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ANNUAL REPORT 2013

Pain Management For Teens

When high school senior Kelsey Goodwin of Delran, N.J. sprained her foot playing soccer, an orthopedist put her leg into a boot, predicting a 30-day recovery. But when the boot came off, showing a mottled purple leg too painful to be touched, a neurologist diagnosed reflex neurovascular dystrophy or RND.

RND develops when an injury doesn’t heal properly and the nervous system malfunctions – its signals going haywire. The result is prolonged and excessive pain, with diminished strength and function.

Despite nerve blocks and outpatient physical therapy, the burning pain spread up Kelsey’s entire right side. And it kept getting worse. “It was frustrating,” says the normally cheerful teen, who has been class president for six years. “I couldn’t keep up with friends or go out. If the wind brushed by me, it caused excruciating pain. I was absent a lot from school.”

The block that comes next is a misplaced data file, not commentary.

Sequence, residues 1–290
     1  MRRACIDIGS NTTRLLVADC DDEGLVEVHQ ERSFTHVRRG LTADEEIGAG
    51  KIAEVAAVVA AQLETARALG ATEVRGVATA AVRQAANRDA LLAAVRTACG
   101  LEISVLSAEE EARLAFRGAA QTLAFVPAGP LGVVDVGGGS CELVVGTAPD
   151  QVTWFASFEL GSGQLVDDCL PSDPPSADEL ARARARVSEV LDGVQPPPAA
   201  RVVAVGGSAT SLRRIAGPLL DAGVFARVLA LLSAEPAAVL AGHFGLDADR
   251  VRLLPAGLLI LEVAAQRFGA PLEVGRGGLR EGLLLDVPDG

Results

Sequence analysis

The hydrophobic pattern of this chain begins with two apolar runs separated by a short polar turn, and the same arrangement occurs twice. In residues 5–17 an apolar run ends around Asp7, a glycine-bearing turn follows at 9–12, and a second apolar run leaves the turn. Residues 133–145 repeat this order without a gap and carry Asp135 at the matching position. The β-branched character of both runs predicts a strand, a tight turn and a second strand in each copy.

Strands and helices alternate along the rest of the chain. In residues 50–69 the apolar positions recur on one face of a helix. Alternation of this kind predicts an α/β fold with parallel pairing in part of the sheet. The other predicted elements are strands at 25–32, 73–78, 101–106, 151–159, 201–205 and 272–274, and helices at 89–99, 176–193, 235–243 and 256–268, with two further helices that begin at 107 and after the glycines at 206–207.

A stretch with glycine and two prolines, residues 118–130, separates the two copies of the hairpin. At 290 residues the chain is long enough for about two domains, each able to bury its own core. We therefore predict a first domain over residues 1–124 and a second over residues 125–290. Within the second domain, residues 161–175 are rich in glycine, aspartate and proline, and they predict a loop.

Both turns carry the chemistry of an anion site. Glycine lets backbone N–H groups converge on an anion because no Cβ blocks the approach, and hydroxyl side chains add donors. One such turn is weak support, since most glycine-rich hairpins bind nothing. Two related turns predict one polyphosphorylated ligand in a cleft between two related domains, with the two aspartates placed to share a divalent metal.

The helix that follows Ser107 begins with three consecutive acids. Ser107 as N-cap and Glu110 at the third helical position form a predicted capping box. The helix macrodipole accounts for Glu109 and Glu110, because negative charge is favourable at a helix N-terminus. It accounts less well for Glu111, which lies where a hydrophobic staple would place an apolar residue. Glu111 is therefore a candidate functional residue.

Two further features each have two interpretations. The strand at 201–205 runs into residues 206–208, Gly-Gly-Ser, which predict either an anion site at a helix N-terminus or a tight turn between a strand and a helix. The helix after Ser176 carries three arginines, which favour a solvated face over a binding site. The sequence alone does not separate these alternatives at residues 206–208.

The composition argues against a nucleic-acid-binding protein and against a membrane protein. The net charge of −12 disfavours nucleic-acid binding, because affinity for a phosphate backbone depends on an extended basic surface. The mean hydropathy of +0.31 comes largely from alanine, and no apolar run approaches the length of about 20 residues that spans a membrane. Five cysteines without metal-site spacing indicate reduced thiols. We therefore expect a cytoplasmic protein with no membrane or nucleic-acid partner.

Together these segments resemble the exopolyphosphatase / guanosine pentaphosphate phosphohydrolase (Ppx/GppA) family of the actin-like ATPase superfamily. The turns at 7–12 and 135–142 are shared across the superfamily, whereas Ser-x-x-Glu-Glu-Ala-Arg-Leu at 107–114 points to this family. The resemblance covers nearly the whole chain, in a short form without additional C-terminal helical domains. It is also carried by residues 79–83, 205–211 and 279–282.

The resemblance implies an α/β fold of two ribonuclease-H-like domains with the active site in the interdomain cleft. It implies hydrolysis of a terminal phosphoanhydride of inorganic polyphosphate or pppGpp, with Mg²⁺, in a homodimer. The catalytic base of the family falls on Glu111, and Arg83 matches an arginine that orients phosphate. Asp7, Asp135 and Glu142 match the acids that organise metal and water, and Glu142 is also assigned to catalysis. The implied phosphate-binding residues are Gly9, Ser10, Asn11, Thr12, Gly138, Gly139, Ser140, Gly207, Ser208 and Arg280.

strategic plan

Then the Goodwin family found PSE&G Children’s Specialized Hospital. The New Brunswick facility offers the state’s only inpatient pediatric chronic pain rehabilitation program. In response to the uptick in kids who need its state-of-the-art pain services, Children’s Specialized Hospital has raised nearly $1.5 million to help expand the New Brunswick site by eight beds, which will let the hospital treat more children in its chronic pain program. The amount represents half the funds needed.

Lucky for Kelsey, the pain program at PSE&G Children's Specialized Hospital, is a leader in the diagnosis and treatment of RND. Hard to diagnose, the condition is sometimes misdiagnosed or dismissed as psychosomatic. Children and adolescents who come here have been through a lot,” says Dr. Katherine Bentley, the physiatrist – the non-surgical specialty treating mobility conditions through rehabilitation – who heads Kelsey’s treatment team. “Many of our patients have had other treatments that haven’t worked. We are often their last hope.”

“The best advice I was given was to try everything even if you physically can’t do it. I followed that advice faithfully and worked extremely hard.”

-Grateful Patient

2013 Stat:

thumbs up $2.25
million grant for autism research